One Main OMF
November 01, 2016 - 10:25am EST by
cfavenger
2016 2017
Price: 27.95 EPS 4.22 5.67
Shares Out. (in M): 135 P/E 6.6 4.9
Market Cap (in $M): 3,785 P/FCF 0 0
Net Debt (in $M): 0 EBIT 0 0
TEV ($): 0 TEV/EBIT 0 0

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  • Financial

Description

OneMain Financial
 
Overview:
OneMain is the leading consumer finance company in the sub to near-prime space
$4B Subprime lending spinoff, delevered and derisked trading at 5-6x 2017e earnings
Asset quality is improving as OneMain shifts to secured lending
Regulatory vacuum as banks cannot service this segment in a capital-efficient manner
Competitors’ practices and multiple investigations by regulators have led to negative
perceptions around the entire installment & payday lending industry. However, OneMain has far
better regulatory compliance than competitors
 
Business:
Springleaf was sold to Fortress in August 2010, then merged with OneMain subsequent to the spinoff out of Citi in March 2015 
Fortress still holds 54.5% of the combined entity
OneMain originates personal loans that are fully amortizing, fixed rate, non-revolving, secured by titled personal property, consumer goods, or other personal belongings
OneMain currently holds a $13bn portfolio of direct, unsecured and hard secured
There is a $780m legacy real estate portfolio in runoff mode
Finally, OneMain cross-sells credit, life insurance, disability insurance, involuntary unemployment insurance and property and casualty insurance together with its loans
 
Investment Thesis:
 OneMain has a distinct competitive advantage in the near prime space against both banks and other payday / title lenders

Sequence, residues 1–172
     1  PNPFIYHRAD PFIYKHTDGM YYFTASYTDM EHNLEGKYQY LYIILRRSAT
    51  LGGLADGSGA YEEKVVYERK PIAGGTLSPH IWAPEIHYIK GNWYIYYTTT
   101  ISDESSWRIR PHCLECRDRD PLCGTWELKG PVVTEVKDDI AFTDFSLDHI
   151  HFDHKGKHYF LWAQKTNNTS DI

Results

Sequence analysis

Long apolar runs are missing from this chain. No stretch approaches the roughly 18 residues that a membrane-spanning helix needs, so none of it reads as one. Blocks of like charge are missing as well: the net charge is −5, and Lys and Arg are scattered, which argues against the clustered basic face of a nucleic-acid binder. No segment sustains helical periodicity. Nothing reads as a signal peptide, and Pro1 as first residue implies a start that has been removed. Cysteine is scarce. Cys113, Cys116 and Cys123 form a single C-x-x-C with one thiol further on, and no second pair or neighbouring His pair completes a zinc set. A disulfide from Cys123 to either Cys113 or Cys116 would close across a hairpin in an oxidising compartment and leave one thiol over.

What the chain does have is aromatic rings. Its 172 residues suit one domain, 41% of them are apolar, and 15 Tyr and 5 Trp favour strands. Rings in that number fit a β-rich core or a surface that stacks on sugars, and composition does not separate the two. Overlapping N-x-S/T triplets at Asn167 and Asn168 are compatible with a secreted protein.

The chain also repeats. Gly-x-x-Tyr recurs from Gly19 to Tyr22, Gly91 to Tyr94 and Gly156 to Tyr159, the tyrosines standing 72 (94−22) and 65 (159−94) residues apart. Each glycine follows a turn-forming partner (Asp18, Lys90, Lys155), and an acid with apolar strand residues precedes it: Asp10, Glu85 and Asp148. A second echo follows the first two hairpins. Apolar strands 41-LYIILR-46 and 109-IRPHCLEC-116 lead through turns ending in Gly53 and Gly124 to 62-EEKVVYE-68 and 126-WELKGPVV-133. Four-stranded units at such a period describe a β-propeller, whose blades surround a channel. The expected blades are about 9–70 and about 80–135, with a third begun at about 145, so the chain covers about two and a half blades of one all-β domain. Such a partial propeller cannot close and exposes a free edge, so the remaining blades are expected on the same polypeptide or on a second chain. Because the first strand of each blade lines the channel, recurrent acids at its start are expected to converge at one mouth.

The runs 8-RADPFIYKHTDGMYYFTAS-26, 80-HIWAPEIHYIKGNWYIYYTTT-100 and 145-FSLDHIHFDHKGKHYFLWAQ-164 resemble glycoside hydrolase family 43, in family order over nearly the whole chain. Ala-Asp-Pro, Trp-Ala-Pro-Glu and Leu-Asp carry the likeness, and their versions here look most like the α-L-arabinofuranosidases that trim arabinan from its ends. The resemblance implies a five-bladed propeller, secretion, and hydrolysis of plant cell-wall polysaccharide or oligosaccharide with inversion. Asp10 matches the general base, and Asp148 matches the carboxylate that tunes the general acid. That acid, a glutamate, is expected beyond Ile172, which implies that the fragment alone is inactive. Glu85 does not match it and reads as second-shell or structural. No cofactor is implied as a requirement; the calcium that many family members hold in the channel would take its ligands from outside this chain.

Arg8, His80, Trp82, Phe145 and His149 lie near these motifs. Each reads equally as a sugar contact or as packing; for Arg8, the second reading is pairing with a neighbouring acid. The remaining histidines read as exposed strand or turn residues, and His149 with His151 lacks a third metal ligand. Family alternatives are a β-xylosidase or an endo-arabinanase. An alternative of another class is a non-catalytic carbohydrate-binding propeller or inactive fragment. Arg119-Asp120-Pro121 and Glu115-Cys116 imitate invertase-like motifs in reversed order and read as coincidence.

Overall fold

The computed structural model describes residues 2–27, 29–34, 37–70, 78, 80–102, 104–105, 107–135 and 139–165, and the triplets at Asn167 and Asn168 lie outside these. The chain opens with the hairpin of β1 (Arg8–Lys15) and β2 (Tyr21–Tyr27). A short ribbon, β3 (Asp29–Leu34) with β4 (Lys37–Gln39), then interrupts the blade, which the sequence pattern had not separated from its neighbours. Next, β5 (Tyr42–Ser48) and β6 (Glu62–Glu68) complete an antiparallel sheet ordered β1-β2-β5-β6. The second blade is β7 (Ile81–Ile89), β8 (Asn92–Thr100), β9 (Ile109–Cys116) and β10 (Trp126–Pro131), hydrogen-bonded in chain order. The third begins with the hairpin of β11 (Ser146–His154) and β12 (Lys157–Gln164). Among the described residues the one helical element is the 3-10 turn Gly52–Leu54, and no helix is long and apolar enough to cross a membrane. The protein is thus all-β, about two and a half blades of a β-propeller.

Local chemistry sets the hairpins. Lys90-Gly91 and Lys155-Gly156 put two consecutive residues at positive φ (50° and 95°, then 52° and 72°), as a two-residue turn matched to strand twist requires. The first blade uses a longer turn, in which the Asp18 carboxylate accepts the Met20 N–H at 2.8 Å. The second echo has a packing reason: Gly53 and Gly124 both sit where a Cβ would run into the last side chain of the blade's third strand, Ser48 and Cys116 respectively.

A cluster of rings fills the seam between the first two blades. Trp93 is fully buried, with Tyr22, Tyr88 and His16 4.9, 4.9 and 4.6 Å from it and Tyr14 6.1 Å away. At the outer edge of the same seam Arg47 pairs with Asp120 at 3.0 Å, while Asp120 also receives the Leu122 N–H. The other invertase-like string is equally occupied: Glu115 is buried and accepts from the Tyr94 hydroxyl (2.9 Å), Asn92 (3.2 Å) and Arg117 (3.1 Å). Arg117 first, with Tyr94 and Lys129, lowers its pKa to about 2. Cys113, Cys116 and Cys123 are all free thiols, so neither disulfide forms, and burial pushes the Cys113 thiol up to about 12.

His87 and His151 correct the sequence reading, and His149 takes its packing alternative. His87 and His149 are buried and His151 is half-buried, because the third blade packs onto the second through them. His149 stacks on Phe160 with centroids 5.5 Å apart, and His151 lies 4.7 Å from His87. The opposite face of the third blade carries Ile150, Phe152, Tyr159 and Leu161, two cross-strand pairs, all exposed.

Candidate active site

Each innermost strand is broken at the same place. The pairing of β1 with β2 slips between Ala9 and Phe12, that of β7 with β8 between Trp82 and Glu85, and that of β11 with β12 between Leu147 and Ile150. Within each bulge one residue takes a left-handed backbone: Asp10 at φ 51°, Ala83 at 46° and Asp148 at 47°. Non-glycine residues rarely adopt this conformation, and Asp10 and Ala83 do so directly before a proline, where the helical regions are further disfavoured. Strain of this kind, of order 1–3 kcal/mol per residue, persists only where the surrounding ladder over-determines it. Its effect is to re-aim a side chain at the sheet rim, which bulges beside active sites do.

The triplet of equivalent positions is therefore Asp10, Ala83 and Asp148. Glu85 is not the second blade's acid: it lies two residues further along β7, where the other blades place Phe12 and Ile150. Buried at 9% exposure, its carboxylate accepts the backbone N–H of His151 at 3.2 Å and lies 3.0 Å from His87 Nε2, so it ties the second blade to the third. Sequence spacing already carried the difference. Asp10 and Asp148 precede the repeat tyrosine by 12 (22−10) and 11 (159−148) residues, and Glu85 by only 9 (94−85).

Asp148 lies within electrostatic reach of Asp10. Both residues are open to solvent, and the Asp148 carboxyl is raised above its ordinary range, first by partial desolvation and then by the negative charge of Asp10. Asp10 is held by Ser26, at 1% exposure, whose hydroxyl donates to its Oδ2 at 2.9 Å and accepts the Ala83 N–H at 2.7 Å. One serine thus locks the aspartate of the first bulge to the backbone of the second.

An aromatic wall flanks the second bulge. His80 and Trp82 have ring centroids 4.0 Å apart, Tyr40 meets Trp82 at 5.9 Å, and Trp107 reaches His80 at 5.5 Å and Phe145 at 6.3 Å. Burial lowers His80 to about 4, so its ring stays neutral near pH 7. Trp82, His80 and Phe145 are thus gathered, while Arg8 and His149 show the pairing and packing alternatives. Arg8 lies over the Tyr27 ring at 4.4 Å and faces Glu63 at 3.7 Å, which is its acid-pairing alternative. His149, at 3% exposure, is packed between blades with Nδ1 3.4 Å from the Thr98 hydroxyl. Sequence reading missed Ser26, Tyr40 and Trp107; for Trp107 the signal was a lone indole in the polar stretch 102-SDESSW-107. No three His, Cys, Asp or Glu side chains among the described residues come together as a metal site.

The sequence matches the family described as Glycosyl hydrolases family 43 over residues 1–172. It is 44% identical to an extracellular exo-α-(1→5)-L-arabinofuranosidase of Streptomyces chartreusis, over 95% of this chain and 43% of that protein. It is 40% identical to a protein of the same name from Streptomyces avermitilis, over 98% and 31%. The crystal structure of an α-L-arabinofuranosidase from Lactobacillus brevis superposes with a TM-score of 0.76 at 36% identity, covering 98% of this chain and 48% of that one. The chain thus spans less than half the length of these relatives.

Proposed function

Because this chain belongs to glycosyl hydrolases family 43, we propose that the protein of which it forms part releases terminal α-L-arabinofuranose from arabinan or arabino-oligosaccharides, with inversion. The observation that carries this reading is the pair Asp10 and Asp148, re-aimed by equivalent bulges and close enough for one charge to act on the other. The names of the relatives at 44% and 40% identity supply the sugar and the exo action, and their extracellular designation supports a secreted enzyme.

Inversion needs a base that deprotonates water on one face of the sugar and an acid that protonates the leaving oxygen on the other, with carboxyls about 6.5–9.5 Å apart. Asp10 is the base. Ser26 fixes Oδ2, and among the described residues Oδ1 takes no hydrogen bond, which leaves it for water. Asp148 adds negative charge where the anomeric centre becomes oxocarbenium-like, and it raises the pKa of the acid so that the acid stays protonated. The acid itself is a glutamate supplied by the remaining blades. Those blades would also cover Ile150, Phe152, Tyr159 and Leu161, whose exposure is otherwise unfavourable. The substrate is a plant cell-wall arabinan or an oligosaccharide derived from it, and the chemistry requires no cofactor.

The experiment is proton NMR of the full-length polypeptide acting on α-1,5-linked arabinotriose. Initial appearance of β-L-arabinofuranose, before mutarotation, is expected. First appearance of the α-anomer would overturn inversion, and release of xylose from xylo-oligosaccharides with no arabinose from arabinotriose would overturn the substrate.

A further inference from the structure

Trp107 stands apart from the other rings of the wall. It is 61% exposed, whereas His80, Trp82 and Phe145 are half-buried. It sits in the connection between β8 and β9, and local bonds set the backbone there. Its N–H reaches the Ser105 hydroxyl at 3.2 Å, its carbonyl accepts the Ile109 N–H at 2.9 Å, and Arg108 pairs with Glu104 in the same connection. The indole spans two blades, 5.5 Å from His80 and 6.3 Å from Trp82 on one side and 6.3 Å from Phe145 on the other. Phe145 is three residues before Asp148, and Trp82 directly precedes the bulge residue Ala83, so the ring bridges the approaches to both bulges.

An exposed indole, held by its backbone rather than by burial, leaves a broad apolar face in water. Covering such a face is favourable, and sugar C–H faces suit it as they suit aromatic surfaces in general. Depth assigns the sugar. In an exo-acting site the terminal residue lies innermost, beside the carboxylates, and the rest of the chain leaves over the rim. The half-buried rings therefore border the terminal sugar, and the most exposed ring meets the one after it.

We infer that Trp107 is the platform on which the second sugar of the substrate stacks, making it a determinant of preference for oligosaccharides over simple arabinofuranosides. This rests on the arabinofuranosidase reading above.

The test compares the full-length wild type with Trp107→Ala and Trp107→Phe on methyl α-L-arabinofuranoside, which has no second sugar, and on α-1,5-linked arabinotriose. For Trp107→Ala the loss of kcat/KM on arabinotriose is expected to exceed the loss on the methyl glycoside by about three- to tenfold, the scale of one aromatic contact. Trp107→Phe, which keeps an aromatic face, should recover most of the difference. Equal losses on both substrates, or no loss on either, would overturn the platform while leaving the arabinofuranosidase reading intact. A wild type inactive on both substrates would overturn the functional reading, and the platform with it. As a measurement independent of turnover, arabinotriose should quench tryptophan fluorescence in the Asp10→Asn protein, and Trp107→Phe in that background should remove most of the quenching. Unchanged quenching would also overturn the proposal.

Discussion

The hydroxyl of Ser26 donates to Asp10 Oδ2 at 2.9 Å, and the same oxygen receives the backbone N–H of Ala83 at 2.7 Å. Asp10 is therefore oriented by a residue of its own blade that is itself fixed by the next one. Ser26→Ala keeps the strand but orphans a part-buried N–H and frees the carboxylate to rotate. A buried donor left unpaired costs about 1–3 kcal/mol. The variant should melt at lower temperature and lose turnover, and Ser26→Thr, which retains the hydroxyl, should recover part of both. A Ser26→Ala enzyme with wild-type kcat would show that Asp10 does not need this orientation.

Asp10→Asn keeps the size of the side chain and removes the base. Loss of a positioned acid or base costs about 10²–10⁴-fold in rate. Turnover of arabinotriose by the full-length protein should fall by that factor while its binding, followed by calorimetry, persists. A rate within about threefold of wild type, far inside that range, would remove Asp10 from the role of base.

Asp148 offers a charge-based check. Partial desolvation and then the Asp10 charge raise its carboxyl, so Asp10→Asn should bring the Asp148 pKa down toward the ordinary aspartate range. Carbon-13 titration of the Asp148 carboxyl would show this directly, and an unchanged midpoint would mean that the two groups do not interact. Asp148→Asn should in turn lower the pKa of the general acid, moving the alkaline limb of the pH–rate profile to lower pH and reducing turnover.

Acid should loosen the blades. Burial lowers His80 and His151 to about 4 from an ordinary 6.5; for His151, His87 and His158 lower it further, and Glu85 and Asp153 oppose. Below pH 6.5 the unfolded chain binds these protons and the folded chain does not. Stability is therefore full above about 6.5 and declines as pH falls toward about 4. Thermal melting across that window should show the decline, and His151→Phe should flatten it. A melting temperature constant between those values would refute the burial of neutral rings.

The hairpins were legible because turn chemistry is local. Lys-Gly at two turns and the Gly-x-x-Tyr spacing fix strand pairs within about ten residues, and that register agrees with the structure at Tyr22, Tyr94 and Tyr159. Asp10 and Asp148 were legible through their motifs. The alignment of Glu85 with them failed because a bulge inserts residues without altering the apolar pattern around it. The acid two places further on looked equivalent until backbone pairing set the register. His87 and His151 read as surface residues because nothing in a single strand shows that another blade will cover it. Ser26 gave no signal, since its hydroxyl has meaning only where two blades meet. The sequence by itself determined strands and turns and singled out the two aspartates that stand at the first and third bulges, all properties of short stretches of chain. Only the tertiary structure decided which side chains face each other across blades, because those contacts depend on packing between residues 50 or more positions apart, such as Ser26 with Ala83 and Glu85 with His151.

o Loans have an average yield of 26%, lower than competitors Regional Management (RM) and World Acceptance Corp (WRLD) but clearly above bank lending rates
o Generally payday / title lenders will lend small amounts at 50%+ rates, to FICO borrowers <500 for short terms whereas banks will lend larger amounts of money to borrowers with >660 FICO at 10%-20% rates for longer terms.
o OneMain falls in the middle of these two segments lending at rates between 12%-36%, at FICO scores <700 for $10,000-$50,000 and up to 5 years
o Due to Basel III, banks cannot compete in this space. Under the A-IRB approach, a subprime loan with a 8% probability of default receives a risk-weight of 161%, or roughly $20 in equity for each $100 in subprime loans given current regulatory capital requirements north of 12%
o At the same time, new rules on usury lending by the CFPB are forcing other payday/title lenders to lower their rates and improve lending practices
 
 
 The federal Consumer Financial Protection Bureau (CFPB) unveiled proposed rules in June that take aim at short-term payday loans charging triple-digit annual percentage rates
 These rules would also cover installment loans with larger prepayment periods that charge rates higher than 36%
 With a hard cap on interest rates at 36% and an average yield of receivables of 25%, this puts OneMain in a favorable position from a regulatory standpoint
against competitors WRLD (60% yield on receivables) and RM (47% yield on receivables)